*Here from the Wikipedia entry on Leonard Darwin linked above, is John Maynard Keynes take on Charles’s son, who proves to have just a hint of the wasp about him in his turn:

Keynes explained the decision to publish the niece’s “very personal account”: “Leonard Darwin’s life covered so vast an epoch of change in men’s ideas, his own attitudes towards the problems of his age were so characteristic of the best and noblest intelligences of his time, and he grew up in the environment of a family of so immortal a renown …” (p. 439) Darwin expressed his feelings about Keynes in a letter to Fisher (Correspondence p. 141), “I neither like him nor trust him … But he’s very clever …”

Image: Auguste Renoir:  “La danse à la campagne,” 1883.

Sarah Palin Substance, Take Two

September 3, 2008

Most of the press and blog coverage today has focused on (a) the water torture nature of the story of what happens when you don’t vet the first significant “Presidential” appointment  you make — thus aiming the coverage appropriately at the real culprit in Palin story:  John McCain. If this election is in fact a “judgment” vs. “experience” choice, then for now, judgment is winning, as indeed it should.

At the same some folks are pointing out that the kinds of trouble Palin herself is in — and hence the sort of problem she is becoming for John McCain — may be the kind of briar patch in which the GOP ticket is perfectly happy to find themselves, the argument being that in a change year, a gut-level populist appeal may be just enough to turn the key states their way.

So, against that possibility, I want to take another whack at what a Vice President — or a President — Palin looks like from a point of view embedded in science.  As before, my argument is in essence that what Palin thinks about a specific issue for which there is a clear body of research — using scientific methods, producing reproducibly results — tells us not only about the rationality of her position on that particular issue, but also about the quality of her mind, her judgment, her ability to make decisions of the sort a President faces.

The obvious place to start here is, I’m afraid, with sex — in particular, with Palin’s judgment about the most effective way to education adolescents about sex.  As we now know, both through the usual political research process and because of news about her family I will not discuss, Sarah Palin believes that the correct way to instruct children about sex is to avoid what she calls “explicit sex education” and teach only that abstinence is the appropriate behavior before marriage.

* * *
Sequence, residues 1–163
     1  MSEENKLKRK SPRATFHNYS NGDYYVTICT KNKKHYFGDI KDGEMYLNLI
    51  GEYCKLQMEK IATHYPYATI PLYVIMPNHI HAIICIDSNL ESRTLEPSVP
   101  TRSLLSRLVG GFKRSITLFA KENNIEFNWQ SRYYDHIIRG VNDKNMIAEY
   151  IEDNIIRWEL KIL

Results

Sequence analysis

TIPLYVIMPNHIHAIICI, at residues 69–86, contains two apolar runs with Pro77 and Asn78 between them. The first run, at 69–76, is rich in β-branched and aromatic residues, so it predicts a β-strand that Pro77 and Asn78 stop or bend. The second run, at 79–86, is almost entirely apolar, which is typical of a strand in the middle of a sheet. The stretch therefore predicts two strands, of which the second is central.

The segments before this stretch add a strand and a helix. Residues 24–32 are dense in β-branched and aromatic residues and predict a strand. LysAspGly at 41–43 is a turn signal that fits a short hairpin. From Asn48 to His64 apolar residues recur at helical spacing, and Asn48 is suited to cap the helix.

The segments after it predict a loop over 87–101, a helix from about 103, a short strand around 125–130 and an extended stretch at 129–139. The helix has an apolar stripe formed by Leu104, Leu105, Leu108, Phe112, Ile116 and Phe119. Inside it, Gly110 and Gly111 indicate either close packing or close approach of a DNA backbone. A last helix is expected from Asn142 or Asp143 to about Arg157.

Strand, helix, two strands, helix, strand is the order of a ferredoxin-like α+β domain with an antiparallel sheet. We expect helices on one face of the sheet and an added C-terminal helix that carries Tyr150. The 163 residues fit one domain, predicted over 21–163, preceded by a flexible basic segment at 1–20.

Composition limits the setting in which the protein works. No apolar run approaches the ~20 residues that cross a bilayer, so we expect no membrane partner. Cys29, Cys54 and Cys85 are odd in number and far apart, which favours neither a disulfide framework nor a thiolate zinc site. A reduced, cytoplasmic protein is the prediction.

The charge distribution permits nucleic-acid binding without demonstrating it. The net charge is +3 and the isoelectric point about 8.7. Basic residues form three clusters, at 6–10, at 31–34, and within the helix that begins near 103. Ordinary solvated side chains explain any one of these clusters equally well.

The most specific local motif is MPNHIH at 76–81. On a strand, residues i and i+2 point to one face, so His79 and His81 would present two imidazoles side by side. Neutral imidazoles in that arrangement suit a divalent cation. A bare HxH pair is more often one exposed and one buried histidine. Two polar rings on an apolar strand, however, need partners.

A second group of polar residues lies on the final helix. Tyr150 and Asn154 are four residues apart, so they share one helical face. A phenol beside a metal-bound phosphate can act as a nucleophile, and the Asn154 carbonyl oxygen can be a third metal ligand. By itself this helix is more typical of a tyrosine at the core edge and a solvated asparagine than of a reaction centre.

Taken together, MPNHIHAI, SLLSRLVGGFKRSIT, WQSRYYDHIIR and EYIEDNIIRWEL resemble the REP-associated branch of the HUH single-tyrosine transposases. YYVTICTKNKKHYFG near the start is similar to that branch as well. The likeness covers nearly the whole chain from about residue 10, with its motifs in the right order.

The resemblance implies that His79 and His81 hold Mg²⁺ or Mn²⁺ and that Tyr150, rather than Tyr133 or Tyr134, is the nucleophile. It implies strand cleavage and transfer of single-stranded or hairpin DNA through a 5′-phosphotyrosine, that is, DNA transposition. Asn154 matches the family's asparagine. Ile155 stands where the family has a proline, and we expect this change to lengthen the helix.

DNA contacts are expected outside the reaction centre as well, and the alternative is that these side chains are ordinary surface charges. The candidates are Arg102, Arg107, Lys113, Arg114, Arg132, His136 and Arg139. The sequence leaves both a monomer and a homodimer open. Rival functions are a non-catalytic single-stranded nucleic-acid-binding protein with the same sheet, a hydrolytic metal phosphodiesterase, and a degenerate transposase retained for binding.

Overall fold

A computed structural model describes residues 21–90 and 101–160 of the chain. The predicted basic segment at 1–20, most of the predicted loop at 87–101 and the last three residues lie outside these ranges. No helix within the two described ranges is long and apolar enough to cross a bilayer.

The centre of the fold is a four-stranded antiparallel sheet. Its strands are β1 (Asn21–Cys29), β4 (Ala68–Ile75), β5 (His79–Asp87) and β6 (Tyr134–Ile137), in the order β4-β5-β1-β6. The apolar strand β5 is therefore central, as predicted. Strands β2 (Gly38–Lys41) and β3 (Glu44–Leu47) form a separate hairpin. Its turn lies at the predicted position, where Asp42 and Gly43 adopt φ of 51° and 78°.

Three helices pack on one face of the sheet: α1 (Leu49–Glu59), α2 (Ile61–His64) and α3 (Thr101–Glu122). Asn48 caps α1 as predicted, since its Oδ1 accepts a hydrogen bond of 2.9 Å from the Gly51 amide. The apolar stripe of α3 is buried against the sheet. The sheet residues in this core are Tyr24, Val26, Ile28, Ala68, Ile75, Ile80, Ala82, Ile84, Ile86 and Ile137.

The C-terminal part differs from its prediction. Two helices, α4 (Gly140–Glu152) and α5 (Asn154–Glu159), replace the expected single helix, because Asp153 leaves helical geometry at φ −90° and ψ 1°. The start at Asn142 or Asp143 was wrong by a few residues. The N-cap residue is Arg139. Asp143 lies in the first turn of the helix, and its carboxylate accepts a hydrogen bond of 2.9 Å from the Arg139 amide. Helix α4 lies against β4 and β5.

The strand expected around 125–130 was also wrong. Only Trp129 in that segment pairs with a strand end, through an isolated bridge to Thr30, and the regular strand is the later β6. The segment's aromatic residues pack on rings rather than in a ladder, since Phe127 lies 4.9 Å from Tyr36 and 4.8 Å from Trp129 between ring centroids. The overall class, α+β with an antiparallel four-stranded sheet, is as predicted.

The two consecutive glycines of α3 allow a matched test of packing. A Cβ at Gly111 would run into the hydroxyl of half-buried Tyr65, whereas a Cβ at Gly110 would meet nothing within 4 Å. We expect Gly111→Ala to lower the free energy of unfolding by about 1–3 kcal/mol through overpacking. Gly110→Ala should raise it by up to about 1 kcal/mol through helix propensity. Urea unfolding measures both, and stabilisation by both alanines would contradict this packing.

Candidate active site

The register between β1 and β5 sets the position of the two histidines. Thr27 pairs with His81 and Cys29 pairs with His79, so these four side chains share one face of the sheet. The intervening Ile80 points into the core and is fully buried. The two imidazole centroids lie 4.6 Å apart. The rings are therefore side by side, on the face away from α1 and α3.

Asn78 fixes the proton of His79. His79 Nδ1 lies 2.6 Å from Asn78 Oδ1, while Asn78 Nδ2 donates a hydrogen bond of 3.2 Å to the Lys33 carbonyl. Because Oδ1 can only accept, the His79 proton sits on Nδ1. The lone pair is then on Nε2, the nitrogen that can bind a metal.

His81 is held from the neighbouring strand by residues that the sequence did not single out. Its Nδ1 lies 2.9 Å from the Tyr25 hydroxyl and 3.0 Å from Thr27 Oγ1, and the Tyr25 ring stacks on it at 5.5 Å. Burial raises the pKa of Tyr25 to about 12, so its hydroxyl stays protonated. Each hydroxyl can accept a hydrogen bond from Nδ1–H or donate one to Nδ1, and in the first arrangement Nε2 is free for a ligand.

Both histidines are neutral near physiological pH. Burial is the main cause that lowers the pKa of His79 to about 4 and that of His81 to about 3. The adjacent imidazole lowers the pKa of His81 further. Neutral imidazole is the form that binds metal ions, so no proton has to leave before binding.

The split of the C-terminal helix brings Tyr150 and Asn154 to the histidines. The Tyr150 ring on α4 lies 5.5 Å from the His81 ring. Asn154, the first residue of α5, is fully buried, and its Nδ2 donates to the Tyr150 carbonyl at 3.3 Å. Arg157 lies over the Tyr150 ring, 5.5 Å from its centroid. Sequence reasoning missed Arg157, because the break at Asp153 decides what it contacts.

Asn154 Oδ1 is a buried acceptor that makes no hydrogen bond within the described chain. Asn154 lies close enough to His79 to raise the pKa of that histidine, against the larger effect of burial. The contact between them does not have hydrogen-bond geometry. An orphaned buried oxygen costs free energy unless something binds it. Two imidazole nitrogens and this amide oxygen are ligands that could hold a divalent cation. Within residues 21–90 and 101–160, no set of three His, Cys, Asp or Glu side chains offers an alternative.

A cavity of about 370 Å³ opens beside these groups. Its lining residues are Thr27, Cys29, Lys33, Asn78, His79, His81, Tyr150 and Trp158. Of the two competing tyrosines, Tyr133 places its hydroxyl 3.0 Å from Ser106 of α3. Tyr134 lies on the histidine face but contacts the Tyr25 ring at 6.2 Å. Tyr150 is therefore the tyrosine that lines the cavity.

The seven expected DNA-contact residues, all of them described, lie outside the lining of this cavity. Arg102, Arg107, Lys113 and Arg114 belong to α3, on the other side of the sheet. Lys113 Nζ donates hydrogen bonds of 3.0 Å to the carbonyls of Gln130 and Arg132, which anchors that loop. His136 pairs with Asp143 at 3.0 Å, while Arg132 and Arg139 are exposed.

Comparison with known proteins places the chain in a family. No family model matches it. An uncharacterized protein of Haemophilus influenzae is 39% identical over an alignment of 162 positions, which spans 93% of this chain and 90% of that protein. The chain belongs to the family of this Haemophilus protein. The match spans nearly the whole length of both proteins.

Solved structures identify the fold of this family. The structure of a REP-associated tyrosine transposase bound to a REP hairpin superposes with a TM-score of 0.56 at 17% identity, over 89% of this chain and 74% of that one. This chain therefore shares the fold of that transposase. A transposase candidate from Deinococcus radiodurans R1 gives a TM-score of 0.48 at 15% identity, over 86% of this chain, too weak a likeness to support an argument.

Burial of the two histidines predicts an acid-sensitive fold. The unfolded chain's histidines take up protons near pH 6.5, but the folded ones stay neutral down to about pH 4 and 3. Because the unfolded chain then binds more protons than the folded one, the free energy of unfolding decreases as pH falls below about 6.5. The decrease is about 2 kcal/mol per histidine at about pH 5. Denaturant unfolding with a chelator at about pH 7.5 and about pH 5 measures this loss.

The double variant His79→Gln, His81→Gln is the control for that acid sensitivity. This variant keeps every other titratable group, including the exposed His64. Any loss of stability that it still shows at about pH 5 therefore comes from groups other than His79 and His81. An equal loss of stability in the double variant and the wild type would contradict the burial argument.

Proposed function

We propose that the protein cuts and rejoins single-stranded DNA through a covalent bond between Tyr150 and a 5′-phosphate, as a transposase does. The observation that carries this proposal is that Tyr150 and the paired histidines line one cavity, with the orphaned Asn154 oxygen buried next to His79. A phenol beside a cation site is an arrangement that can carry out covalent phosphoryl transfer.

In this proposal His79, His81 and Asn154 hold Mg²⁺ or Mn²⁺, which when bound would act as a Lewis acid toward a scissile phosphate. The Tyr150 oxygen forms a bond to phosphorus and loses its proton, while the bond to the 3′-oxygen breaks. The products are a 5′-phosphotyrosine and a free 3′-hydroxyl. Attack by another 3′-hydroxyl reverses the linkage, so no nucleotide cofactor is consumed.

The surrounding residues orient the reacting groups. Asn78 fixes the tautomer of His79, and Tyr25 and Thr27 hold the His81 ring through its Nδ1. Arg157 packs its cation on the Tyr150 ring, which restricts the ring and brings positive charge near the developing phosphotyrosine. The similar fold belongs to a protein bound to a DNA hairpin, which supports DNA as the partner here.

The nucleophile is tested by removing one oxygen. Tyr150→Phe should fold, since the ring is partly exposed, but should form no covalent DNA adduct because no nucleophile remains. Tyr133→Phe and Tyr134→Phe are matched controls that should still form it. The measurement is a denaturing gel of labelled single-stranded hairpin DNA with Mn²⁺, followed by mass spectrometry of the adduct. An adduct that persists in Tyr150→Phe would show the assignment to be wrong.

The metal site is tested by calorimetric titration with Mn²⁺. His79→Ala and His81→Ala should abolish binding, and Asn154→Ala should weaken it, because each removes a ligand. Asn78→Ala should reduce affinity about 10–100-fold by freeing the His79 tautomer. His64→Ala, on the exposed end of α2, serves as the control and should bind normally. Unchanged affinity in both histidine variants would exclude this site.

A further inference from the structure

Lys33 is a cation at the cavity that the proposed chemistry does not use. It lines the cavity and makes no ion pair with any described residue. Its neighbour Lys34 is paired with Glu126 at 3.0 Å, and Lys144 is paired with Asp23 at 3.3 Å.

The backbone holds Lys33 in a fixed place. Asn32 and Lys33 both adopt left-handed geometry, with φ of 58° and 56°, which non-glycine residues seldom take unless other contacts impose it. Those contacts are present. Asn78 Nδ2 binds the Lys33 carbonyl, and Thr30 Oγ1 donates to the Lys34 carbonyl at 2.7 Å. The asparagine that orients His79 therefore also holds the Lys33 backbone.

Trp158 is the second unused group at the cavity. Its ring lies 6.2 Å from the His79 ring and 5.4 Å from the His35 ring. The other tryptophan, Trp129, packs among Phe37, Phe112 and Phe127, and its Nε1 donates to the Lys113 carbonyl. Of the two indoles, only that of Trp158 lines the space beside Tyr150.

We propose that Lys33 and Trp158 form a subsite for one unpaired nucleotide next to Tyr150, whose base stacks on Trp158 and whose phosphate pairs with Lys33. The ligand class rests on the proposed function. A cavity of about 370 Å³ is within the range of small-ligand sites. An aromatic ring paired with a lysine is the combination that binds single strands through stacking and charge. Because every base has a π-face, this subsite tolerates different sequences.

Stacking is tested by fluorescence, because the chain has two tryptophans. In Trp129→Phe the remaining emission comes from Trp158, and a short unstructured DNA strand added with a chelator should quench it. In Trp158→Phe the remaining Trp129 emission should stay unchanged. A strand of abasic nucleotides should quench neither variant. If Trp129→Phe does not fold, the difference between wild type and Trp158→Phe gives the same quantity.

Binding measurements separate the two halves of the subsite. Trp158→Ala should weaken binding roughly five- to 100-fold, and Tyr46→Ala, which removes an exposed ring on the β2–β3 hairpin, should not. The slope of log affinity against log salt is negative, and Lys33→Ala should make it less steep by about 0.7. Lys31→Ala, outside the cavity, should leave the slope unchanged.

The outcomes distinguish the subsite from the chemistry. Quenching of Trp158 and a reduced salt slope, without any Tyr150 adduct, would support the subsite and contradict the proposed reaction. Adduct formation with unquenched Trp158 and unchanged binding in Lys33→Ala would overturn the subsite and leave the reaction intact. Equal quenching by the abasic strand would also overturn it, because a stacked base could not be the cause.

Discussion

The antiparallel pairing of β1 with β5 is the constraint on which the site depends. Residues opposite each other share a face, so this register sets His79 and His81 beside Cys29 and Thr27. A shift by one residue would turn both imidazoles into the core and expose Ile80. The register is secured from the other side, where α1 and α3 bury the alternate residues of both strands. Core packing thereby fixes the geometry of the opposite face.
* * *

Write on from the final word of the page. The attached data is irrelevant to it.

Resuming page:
OK — that’s a view a fair number of people hold.  But Palin, of course, is not just anybody — she’s been mayor and she is governor, and you would think that she has some responsibility to back ideas not only because they are comfortable, but because they are valid.

Not so here.  There is ample evidence that abstinence education does not work. See here for one recent take on this, and see this for my earlier whack at Mike Huckabee on this same issue.  Cruise the blogosphere to find as much more as you would like.  Bottom line:  abstinence education shows no improvement in the key parameters of sexual behavior or outcomes over control groups in repeated studies, one of the best of which can be found in summary here.

But  you knew that already, didn’t you?

Now it is something of a dog bites man story to suggest that an evangelical Christian would favor abstinence teaching for her own family, or even her own community; but the point here isn’t about personal choice or belief, it’s about the ability to perform evidence-based reasoning.

Put this another way:  there is a street definition of neurosis as repeatedly doing the same thing expecting a different outcome.  A scientifically informed policy would look at the grim statistics:  the US is the world leader among developed countries in teen pregnancies (h/t Dem from CT over at Daily Kos).  The good news had been that despite that dismal result, teen birth rates had been falling since the peak rate of 61.8 birth rates per thousand in 1991. That is to say, the decline began at exactly the time a Democratic adminstration took office — one whose record on evidence based policy is, by and large, exemplary.